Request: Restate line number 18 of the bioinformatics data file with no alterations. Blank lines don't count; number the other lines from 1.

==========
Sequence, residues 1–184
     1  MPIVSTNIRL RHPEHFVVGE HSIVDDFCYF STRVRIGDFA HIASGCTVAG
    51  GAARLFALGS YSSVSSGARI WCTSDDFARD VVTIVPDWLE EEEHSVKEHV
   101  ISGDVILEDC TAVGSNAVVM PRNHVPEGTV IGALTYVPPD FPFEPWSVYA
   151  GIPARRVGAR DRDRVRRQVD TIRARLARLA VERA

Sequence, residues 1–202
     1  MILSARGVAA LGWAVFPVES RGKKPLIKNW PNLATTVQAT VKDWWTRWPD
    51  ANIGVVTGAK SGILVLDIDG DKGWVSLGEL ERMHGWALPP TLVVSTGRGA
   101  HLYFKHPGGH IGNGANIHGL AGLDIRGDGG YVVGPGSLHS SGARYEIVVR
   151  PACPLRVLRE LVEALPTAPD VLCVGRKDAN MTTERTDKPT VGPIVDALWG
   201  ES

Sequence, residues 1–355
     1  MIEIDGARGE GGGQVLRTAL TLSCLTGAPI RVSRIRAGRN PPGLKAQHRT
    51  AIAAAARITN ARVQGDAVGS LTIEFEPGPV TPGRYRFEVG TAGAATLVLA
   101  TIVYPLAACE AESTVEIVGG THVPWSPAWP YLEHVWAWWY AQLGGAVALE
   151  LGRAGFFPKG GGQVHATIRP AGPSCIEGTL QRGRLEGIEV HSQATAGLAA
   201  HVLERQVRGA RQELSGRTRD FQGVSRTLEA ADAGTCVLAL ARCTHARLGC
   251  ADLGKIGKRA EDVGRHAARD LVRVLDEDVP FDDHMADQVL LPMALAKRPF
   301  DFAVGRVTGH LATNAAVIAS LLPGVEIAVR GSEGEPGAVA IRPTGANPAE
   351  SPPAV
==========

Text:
   251  ADLGKIGKRA EDVGRHAARD LVRVLDEDVP FDDHMADQVL LPMALAKRPF